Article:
12.It was further elucidated in the Cross-examination that A1 had taken the deceased to a Gynecologist and on medical advice, both A1 and Hemalatha underwent various tests, the outcome of which showed that the deceased was capable of bearing child, but A1 suffered impotency. P.W.1 to P.W.3, in their evidence also admitted that A1 to A3 knew this aspect well. DW-1,Kavitha, who is the sister of A1, was examined in order to show that D.W.1 also conceived only four years after her marriage.
13.A1 to A3 are close relatives of the deceased and one can understand their anxiety to fix the responsibility on the family of the accused for the demise of Hemalatha.
14.In the course of cross-examination of PW1 and PW2, they have clearly admitted that A1 and the deceased would come frequently to their house and they will not stay in the night, but, would return back to their house. In this regard, it may be necessary to analyse the evidence of Jerina/PW-4 and Kala/PW-5. These two witnesses are the independent witness, who were examined by the prosecution in order to prove the Observation Mahazar and the rough sketch that was prepared by the Police at the scene of occurrence. Admittedly, these two witnesses had worked as servants in the house of accused. In their evidence, they have clearly stated that there was no matrimonial discord between A1 and the deceased Hemalatha and that both of them were living happily. However, Jerina/PW-4 has stated that Hemalatha used to complain about her step-mother Nagendhiramani/PW-1 and recount the sufferings undergone at her hands.
15.During investigation, the police photographer, who took photographs of the place of occurrence, found a note book near the body of the deceased. Strangely this note book was not seized by the Police for the reasons best known to them. That apart, the prosecution did not come forward to examine the Police photographer. Therefore, the five photographs were marked as defence exhibits through the prosecution witnesses. The trial Court has found fault with the conduct of the prosecution in trying to burk the five photographs, which showed the presence of a note book left by the deceased, a seizure of which would have thrown light on her mental makeup at the time of committing suicide.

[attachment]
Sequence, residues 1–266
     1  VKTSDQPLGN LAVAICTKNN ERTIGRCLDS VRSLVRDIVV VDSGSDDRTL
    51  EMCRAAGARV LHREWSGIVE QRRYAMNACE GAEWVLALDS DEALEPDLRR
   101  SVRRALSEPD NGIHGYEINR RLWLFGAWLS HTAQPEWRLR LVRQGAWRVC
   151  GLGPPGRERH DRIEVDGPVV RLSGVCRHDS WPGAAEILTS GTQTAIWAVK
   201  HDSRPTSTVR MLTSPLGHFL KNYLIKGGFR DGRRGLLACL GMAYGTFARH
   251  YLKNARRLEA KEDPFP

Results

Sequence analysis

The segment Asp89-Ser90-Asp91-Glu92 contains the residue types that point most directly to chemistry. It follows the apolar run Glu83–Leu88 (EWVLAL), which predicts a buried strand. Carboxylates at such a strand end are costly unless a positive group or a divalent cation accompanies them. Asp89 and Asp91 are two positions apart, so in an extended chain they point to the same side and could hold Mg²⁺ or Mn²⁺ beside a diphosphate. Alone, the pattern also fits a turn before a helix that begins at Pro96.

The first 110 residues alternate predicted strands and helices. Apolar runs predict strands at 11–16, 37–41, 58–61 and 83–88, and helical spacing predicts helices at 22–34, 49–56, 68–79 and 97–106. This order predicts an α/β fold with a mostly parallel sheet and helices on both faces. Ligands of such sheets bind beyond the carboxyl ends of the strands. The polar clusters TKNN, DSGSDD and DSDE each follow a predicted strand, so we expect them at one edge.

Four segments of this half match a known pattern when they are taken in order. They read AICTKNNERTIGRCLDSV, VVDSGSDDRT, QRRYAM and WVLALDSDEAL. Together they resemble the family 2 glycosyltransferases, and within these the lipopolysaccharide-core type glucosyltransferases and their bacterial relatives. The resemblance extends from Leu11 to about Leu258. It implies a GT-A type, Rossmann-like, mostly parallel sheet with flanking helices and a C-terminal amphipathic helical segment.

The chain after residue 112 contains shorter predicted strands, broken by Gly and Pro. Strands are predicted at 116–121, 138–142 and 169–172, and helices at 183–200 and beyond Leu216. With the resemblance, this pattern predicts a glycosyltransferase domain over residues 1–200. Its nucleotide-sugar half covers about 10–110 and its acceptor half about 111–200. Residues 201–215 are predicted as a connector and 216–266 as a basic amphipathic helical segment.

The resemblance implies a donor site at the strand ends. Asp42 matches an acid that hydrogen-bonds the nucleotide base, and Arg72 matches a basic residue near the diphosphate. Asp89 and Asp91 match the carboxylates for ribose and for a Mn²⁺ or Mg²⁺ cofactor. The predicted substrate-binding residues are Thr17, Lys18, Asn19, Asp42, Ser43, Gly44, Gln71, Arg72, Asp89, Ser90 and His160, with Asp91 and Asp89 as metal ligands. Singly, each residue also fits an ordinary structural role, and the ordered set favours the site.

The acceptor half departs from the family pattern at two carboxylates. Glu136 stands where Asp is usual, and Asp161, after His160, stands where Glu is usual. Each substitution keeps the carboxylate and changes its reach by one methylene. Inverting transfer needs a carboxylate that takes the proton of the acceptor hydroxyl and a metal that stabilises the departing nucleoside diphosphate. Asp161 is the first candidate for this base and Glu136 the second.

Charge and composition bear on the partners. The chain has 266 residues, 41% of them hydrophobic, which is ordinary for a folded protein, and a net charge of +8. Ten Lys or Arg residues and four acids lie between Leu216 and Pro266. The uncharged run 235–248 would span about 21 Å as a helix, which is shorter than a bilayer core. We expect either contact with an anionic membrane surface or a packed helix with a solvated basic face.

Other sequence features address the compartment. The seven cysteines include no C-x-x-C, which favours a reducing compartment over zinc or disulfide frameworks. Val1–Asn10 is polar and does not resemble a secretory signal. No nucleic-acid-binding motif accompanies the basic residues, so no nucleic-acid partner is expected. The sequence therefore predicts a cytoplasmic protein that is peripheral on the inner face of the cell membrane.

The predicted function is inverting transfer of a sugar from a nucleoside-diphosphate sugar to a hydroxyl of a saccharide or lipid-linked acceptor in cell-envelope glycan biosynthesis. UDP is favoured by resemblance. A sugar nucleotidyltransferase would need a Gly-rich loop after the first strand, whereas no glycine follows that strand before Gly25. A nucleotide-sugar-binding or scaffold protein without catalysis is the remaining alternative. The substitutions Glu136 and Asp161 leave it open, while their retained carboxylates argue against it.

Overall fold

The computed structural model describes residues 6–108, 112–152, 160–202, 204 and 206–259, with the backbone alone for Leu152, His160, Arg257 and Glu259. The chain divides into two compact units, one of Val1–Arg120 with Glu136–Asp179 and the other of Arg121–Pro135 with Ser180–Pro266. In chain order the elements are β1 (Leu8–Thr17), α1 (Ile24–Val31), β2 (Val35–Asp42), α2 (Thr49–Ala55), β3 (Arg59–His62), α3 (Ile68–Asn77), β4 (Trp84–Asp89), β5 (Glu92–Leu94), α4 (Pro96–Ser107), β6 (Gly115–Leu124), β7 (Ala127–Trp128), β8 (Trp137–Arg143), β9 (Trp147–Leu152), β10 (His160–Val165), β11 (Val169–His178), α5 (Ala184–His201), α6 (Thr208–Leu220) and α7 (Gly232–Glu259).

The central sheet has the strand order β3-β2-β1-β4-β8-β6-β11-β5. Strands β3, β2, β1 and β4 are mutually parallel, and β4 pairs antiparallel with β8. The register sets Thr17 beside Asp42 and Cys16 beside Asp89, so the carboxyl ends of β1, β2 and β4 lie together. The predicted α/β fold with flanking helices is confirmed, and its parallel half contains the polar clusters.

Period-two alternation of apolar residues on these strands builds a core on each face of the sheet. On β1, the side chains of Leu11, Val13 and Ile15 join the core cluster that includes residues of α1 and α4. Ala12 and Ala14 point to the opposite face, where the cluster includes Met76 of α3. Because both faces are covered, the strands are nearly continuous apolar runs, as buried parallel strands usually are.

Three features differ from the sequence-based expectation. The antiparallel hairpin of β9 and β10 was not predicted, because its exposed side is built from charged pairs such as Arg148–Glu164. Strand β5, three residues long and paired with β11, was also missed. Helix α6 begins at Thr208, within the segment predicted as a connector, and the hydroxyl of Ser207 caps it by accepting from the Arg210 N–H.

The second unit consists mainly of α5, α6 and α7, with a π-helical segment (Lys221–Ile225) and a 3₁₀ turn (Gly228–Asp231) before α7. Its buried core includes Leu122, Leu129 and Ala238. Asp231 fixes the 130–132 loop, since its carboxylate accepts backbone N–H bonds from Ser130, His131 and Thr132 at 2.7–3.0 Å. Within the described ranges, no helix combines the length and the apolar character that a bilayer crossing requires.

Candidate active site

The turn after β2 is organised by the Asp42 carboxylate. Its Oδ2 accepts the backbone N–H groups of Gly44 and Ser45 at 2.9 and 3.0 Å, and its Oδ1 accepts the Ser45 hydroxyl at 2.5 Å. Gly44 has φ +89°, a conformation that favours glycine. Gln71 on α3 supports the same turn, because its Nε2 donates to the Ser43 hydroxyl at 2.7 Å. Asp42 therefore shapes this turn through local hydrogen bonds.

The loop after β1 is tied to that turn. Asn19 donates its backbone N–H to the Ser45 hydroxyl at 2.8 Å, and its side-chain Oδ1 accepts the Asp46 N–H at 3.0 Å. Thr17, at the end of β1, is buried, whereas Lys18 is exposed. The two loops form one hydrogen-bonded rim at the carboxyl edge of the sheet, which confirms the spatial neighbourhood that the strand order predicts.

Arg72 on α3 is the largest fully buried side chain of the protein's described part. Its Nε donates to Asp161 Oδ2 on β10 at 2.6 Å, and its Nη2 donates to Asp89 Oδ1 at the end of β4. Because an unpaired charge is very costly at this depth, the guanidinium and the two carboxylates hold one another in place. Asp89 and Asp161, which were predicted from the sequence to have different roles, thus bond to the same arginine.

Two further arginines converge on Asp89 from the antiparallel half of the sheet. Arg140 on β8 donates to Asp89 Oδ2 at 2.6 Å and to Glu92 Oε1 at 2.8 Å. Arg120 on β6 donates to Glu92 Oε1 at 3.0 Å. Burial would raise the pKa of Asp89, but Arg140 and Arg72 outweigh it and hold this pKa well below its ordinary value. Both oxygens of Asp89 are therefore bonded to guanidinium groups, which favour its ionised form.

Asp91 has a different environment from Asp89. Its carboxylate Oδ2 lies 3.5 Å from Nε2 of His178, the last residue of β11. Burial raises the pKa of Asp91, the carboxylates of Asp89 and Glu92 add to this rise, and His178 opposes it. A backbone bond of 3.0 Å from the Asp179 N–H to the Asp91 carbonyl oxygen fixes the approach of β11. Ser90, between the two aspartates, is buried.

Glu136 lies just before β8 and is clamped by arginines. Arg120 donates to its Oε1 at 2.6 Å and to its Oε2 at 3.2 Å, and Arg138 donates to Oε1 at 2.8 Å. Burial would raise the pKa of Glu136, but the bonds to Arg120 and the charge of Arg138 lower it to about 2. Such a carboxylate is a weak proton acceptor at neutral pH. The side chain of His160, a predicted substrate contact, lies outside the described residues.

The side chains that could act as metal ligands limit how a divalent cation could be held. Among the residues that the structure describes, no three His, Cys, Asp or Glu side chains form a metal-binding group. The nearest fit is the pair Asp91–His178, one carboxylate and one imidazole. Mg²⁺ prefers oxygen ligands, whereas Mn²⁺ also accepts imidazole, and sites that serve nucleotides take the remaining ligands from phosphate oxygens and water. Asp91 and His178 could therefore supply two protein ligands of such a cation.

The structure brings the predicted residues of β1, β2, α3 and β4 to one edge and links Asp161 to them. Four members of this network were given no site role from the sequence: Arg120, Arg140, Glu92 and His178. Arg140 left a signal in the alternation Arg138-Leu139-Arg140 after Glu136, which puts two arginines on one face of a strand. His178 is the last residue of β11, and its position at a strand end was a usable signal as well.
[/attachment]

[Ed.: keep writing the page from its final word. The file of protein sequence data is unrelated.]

16.Yet another legal issue requires to be referred to here. For mulcting criminal liability under Section 306 IPC, the prosecution should prove that the accused had committed any one of the acts adumbrated in Section 107 IPC. In the absence of any evidence to show that the accused had committed the overt acts set out in Section 107 IPC, the accused cannot be convicted for the offence under Section 306 IPC.
17.The trial Court had taken all these factors into consideration for acquitting the accused. Hence, the judgment passed by the learned Sessions Judge, (Mahila Fast Track Court) at Thiruvellore in S.C.No.65/2012 dated 26.09.2014, acquitting the accused is confirmed and this Court does not find any error or irregularity, warranting interference. Therefore, the criminal appeal is dismissed.
Non Speaking order
1. The Mahila Court,
2.The Public Prosecutor
High Court, Madras.
Crl. Appeal No.2 of 2016